For over 50 years the Special Olympics has provided opportunities for intellectually disabled athletes to compete.
In its 51st year the push is for unified sports.
That means bringing together competitors with special needs - with those from the mainstream, and forming one super inclusive team.
Seven Sharp went to meet the New Zealand Special Olympics unified football side.
"Unified sport is really important because it gives people that don't have an intellectual disability time to spend with somebody and understand what it takes to connect with them," CEO of Special Olympics NZ Carolyn Young says.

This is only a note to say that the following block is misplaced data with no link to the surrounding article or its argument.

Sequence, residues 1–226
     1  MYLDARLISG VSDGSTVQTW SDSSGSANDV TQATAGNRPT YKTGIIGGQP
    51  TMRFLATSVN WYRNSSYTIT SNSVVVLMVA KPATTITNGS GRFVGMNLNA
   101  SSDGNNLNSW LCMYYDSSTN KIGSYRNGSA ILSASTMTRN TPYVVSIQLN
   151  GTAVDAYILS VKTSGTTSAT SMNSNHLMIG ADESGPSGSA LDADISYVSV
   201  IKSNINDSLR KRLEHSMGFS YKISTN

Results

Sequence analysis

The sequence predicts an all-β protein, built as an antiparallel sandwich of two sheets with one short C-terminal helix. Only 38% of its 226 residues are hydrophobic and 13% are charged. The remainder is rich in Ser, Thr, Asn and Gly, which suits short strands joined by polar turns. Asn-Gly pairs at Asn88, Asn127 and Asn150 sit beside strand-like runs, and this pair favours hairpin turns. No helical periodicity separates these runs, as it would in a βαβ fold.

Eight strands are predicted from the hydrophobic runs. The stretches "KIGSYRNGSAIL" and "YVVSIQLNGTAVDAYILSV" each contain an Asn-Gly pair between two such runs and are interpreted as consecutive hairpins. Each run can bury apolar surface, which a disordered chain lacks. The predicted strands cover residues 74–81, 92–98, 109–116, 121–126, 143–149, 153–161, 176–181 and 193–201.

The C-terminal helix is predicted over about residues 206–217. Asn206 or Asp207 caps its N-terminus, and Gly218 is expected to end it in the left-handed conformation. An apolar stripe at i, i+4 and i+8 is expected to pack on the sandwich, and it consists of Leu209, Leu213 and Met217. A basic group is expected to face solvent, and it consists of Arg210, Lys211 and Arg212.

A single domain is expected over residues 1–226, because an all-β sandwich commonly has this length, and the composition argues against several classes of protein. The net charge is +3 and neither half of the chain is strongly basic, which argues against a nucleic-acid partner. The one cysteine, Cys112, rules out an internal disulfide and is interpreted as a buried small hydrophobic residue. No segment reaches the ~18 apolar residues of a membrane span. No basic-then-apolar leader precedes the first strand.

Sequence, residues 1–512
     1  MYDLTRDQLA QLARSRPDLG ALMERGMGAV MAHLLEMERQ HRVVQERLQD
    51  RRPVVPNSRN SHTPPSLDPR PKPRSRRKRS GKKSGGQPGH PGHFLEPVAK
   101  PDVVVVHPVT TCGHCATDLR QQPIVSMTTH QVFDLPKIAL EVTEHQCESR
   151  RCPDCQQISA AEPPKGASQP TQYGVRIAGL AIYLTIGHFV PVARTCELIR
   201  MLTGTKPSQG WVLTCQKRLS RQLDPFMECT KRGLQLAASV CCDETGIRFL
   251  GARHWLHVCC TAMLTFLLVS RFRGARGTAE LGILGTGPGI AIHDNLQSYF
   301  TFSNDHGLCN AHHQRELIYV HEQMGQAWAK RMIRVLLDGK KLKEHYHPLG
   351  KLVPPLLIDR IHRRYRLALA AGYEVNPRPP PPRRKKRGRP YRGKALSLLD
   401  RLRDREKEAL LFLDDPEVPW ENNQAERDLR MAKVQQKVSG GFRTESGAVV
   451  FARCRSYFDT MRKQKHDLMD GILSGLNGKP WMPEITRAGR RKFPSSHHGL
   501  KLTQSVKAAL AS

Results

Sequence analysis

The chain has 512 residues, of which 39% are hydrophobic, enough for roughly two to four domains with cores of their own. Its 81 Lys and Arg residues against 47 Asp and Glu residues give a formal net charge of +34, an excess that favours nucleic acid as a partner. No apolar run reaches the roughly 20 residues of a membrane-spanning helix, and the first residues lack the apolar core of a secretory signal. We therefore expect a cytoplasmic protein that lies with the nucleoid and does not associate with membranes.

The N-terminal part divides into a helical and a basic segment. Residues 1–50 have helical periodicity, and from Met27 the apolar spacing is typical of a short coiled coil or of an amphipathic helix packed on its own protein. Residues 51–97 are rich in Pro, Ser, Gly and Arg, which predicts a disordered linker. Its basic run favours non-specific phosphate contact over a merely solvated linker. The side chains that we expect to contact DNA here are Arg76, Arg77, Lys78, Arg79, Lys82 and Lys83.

Frank Walmsley is what is termed a unified partner.
"We go out there and play with the athletes as part of the team. So, we're not there to be on field coaches. We're not there to take over. We're there to play with the team, be part of the team.
"Make sure that everybody's getting passed to, keeping their heads up when they go a goal behind. Just there to support the others," he says.
Frank and the team took on the world at the Special Olympics earlier in the year where they placed fourth.